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Time out to prevent burnout is the parental control I need in my life.

At one point, a physically larger human with a better vocabulary told me to lay down before my face turned redder. Now, there are adults with bigger, better vocabularies, but they don’t tell me to lay down.

I have to figure it out on my own.

Too bad. I would love a mandatory nap.

Burnout feels like a downward spiral of emotional, mental, and physical health because I’m stressed and overwhelmed. The result is lost interest in daily duties, headaches and muscle stiffness, and repetitive negative thoughts.

The Skimm has the 411 on burnout,

“Burnout is the result of unmanaged chronic stress. That’s how the WHO classified it in 2019. Made up of three parts (but you don’t need all of them to have it):

Physical or emotional exhaustion

Cynicism and detachment

Decreased sense of accomplishment or productivity”

To prevent burnout, I have to weave time outs into my routine.

Nobody wants to see a 37-year-old temper tantrum, outside of YouTube’s attendees.

Sleep is Cheap

Sleep is cheaper than medication, caffeine, or wine with fewer side effects too.

Some days, I struggle to fall asleep or return to sleep after being awakened by a Stephen King dream. When I wake up sleep deficit, my eyeballs tell me all about it because when I blink, they want to stay shut.

Along with my eyes being wake resistant, my mood is foul too.

I feel like a prickly pear was stuffed into my pocket. A slight annoyance initiates a solar flare of emotions. My temper is short, and I have to use extra energy to reign in frustrated feelings. Stress rears up as a painful pimple but with more inflation.

Sleeplessness has a slew of side effects that Harvard is happy to gossip about,

“Studies have shown that even partial sleep deprivation has a significant effect on mood. University of Pennsylvania researchers found that subjects who were limited to only 4.5 hours of sleep a night for one week reported feeling more stressed, angry, sad, and mentally exhausted.”

My prescription for sleep scarcity is more sleep.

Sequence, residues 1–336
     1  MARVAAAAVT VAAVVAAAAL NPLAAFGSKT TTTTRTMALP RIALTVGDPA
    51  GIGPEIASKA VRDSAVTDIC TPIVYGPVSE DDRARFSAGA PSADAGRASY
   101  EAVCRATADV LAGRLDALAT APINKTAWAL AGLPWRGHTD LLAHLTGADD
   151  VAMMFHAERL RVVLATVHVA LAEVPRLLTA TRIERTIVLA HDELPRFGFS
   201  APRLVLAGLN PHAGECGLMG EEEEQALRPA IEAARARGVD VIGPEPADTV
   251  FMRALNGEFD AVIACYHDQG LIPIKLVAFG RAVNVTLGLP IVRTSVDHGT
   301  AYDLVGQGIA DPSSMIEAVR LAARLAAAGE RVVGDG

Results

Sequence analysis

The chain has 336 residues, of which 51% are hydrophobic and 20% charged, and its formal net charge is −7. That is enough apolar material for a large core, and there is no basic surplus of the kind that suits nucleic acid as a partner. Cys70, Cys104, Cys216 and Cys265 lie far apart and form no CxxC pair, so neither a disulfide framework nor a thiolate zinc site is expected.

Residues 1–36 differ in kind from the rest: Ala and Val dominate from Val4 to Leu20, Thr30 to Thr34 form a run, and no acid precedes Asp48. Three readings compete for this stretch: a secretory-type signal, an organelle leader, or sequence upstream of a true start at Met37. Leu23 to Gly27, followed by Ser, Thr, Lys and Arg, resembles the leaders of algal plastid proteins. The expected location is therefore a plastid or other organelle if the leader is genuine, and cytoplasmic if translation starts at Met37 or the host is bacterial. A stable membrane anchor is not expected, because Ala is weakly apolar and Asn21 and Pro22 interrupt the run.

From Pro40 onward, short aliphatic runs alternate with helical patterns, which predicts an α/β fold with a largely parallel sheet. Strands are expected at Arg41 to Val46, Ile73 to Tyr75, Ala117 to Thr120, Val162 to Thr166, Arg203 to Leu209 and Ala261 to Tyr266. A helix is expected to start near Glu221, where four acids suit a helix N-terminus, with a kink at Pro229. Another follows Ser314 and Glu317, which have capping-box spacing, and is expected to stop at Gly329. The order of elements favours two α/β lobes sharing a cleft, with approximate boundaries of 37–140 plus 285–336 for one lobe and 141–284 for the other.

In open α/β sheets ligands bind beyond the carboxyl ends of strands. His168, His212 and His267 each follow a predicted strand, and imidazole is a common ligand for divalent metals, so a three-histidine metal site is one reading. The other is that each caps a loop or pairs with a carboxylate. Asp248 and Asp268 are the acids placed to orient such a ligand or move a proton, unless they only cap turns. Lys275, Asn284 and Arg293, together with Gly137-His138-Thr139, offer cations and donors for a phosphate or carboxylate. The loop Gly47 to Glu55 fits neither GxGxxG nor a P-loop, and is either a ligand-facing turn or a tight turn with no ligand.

I try to nap during my lunch break, but if I can’t, the next option is to go to bed earlier.

As an early sleeper, I go to bed at 9. If I’m sleep-deprived that looks like 8:30, or with a particularly rough day, 8.

Along with restoring physical and mental energy, sleep conserves energy too.

No lights, electronic equipment, or bills required!

Exercise to Thrive

Exercise has layered benefits along with being a time out to prevent burnout.

There is something healing about running away from trials and tribulations. The catch is I have to run back to them.

Taking a moment to move mental energy into physical exertion is a way to turn toxic thoughts into useful insight.

For this gal, the exercise routine is frugal similar to the rest of my life.

I do yoga every morning because breathing and stretching is a gentle way to start the day. I regularly run along a scenic trail because when I have more sweat than clothes, I’ll run dry of toxic thoughts too. Occasionally, I walk with Mr. BuLL because sharing fitness is caring fitness.

Helpful Hobbies

I love hobbies.

Hobbies are a less threatening version of structured fun.

If I’m awful at drawing, it doesn’t matter because fun is proof that I’m doing it right.

No certifications, degrees, or judgment are needed to enjoy.

The only mandate is happiness. If frustration or tears are involved, then it’s not a hobby but it could be high school.

I’ve dabbled in the hobby spectrum because every year I set a goal to learn something new. When a skill sticks, it becomes a hobby.

Haphazard hobbies I’ve dabbled in are:

  • Archery
  • Knitting
  • Sewing
  • Belly dancing
  • Lock picking
  • Coding
  • Drawing
  • Writing
  • Investing
  • Star gazing
  • Juggling

Along with trying new hobbies, I enjoy practicing with standard favorites like reading library books, visiting friends, volunteering, and traveling.

The beauty of a hobby is that it’s custom-made. Few things fit as well as a hobby except a hug.

A hug is one-size-fits-all.

Time Out to Prevent Burnout

In the land before time when cute dinosaurs went on epic adventures, burnout was as mythical as energy waves cooking food.

In today’s modern era, everything is instant and demanding energy, a painful side effect is burnout. There is no off setting for work, home, and personal demands.

No matter how many times I ask Alexa.

Instead, I have to place parental controls on my life and incorporate physical, mental, and emotional timeouts.

If not, as my fictional sage (Dumbledore) says, “Consequences could be severe.”

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